Pau Gasol, who will become an unrestricted free agent after this season, is in an awkward situation with the Los Angeles Lakers. He has been for quite some time.
The Lakers have already tried trading him once, in a deal that would have landed them Chris Paul in 2011. There’s also the chance they would have amnestied him had Dwight Howard not left for the Houston Rockets over the summer. Now, while he’s still on the team, he’s unsure if he’s a part of their plans beyond this season.
Armed with cap space, the Lakers figure to chase a superstar over the offseason, someone who is in their prime and can help make the most of Kobe Bryant’s final two years. Problem is, to have the necessary spending power, the Lakers must renounce their rights to Gasol.
Some tend to believe his days as a Laker are over. Though it means the Lakers will risk losing him for nothing, they cannot afford to pass on the opportunity to sign Carmelo Anthony or LeBron James, both of whom could become free agents this summer ass well. That said, he doesn’t exactly have one foot out the door. He could be willing to accept a pay cut or, if the Lakers feel they cannot land a superstar, it could be them who willingly brings him back.
Rarely have we considered the other possible outcome: Gasol leaving the Lakers.
All this talk makes it seem as if Gasol is Los Angeles’ patsy. He’ll be around if they want him. End of story. If they don’t want him, then he’ll be forced to find work elsewhere.
But according to NBA.com’s Scott Howard-Cooper, Gasol will have options of his own this summer, and he could leave the Lakers before they desert him:
“There’s different factors you have to take into account,” Gasol said. “The financial factor. That I’ve been with this franchise, for what I’ve been through, the loyalty I have to them. And also the chances of winning a championship. Those three are the most. What percentage I will give or prioritize, we’ll see when the opportunities come along. But I would like to first be in a position to win a championship again and enjoy the last few years of my career and be in a good position to do so.”
If the projections come true and the Lakers are clearly not a contender, would that increase the chances of leaving?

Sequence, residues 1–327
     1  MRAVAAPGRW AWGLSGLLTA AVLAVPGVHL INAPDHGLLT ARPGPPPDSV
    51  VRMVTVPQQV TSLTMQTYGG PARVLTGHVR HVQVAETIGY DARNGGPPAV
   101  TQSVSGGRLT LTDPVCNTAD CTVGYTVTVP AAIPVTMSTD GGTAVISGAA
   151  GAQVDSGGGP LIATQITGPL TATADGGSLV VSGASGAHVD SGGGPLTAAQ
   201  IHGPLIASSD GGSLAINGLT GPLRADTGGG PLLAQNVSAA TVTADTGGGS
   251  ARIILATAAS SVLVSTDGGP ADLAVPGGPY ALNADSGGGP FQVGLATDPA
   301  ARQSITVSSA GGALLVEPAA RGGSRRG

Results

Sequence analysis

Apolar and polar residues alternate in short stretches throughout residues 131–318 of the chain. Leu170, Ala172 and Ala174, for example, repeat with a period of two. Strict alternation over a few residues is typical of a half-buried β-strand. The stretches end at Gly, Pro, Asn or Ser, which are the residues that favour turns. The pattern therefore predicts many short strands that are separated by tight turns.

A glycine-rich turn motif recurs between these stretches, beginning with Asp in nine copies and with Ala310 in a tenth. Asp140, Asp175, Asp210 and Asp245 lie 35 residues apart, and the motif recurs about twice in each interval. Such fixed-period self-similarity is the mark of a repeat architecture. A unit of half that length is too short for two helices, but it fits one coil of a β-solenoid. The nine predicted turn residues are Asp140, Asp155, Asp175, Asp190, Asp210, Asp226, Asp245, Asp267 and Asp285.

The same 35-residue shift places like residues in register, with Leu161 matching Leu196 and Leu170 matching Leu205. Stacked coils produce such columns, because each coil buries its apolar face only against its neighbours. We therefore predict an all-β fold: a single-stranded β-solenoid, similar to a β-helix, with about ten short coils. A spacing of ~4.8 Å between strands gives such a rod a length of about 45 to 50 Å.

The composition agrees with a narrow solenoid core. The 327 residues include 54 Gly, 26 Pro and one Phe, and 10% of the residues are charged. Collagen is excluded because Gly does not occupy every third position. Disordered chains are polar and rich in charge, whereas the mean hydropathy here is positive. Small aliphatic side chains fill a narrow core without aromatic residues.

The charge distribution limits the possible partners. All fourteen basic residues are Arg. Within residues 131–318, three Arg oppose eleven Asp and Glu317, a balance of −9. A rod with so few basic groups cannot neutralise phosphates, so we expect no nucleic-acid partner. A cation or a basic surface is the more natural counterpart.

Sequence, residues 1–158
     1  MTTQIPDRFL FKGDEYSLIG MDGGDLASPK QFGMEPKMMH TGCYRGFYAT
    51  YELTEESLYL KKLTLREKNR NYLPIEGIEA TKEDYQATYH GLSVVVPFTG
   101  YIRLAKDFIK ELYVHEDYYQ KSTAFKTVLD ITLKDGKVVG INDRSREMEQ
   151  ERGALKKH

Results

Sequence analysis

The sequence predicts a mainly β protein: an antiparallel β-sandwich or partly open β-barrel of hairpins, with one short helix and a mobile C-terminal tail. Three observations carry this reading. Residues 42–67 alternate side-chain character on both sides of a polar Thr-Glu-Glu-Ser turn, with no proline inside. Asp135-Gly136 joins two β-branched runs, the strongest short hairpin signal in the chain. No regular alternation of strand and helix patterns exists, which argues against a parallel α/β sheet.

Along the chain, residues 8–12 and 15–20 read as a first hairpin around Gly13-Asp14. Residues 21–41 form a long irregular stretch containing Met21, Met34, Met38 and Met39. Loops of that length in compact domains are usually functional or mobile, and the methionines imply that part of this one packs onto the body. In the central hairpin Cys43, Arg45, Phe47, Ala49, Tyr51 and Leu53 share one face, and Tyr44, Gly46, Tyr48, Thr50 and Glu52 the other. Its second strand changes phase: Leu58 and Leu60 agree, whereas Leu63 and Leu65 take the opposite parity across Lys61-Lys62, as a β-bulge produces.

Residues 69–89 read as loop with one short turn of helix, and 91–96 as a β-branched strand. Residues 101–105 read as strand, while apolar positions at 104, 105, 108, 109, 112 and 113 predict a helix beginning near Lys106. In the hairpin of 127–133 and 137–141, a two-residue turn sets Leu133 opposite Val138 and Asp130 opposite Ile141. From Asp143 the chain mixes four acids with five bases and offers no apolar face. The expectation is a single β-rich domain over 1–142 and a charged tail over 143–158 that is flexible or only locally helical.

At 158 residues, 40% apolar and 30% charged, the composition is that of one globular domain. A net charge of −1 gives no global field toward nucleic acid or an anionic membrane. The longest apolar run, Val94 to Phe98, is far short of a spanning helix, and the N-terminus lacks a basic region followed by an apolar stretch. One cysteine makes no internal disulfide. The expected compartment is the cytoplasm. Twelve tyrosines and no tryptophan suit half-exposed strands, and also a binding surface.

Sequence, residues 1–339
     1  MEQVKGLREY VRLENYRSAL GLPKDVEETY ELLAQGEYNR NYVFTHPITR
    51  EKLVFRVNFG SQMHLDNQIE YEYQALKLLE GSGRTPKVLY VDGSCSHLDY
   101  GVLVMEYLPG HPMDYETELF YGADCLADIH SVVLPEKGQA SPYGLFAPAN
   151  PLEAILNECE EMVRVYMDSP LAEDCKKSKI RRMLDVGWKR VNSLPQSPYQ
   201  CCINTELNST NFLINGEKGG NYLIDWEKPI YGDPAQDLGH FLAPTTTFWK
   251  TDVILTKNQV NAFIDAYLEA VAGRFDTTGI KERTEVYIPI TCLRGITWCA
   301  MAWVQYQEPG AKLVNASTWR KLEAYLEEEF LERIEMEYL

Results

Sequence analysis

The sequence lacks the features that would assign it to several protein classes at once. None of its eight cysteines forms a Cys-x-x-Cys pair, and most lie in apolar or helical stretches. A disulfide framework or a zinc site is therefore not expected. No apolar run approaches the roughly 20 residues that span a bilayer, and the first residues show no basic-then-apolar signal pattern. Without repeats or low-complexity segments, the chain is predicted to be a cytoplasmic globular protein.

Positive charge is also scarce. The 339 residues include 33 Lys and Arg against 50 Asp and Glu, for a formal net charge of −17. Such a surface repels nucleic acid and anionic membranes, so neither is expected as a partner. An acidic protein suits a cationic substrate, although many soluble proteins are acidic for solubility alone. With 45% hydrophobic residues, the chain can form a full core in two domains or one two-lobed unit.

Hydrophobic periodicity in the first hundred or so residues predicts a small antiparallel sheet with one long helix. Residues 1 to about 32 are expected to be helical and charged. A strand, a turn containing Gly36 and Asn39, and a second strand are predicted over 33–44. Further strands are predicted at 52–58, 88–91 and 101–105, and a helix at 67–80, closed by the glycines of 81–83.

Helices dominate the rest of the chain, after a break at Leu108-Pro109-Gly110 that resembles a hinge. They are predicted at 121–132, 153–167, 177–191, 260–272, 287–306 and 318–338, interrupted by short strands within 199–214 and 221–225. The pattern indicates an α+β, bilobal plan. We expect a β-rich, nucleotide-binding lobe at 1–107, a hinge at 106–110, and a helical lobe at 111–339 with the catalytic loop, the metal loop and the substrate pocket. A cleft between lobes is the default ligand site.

“If there’s possibilities of being in a place that has those type of chances, it’s something I will think about,” he said. “But, again, I’m not in that position yet. I’m here. We’re just kind of guessing here. We’ll see. We’ll cross the bridge when I get there. No rush.”
Basically, Gasol hasn’t ruled out a return to the Lakers. Another thing he hasn’t ruled out? A return to the Memphis Grizzlies:
“It’s appealing,” Pau Gasol told NBA.com. “One of the best centers in the NBA, one of the best interior players, is my brother. There’s a lot of attractive factors there. But who knows if that’s even a possibility or if that will ever happen. Right now, I’m just trying to focus on (the Lakers’ opponents) and staying healthy and playing a very successful year so this team and others will have the certainty and the confidence that I am a difference maker, that I am an elite player and I have a lot of years in me.”
Gasol spent the first six seasons of his career in Memphis, before being traded to Los Angeles in the middle of his seventh. And his brother, Marc Gasol (currently injured), plays for the Grizzlies now. Playing alongside him, and for the Grizzlies again, is certainly interesting and something I imagine he’ll seriously consider if it gets that far.
Will it get that far? Tough to say.
Per Hoopsworld, the Grizzlies have over $43.5 million in guaranteed contracts on the books for next season. If Zach Randolph exercises his player option worth close to $17 million, suddenly the Grizzlies are looking at a payroll exceeding $60 million again. Not only could they not afford Gasol, they wouldn’t need him.
Z-Bo could opt for free agency, of course. Or the Grizzlies, recognizing they may not make the playoffs this year, could dump him for contracts that will definitely come off the ledger this summer. Either scenario would leave them with enough green to ink Gasol, who is due for a pay cut from the $19-plus million he’s making now.
At that point, though, the Grizzlies have to ask: Is Gasol worth it?
By the time he signs his next deal, Gasol will be 34. And his brother will be a free agent in 2015. What kind of pact do you sign him to, then? A one-year deal? Two-year contract?
You’re not going to build a contender around him. He’s best suited as a complementary piece this late into his career. Memphis also has to consider he’s a shell of his former self. He’s shooting a career-low 41.7 percent from the floor this season and has flirted with injuries much too often since last year. Would he 1) be worth the money he’ll command and 2) even make a difference?
Rejoining the Grizzlies remains a long shot. The more likely scenario entails him accepting a significant pay cut to stay with the Lakers. With Steve Nash’s contract expiring in 2015, the Lakers could look to move him in a salary dump, thus opening up even more cap room, giving themselves the ability to re-sign Gasol and chase a star-esque player this offseason. It could happen.
So could a reunion between Gasol and the Grizzlies. That could happen, too.
Just don’t count on it.
Dan Favale is a firm believer in the three-pointer as well as the notion that defense doesn’t always win championships. His musings can be found at Bleacherreport.com in addition to TheHoopDoctors.com. Follow @danfavale on Twitter for his latest posts and all things NBA.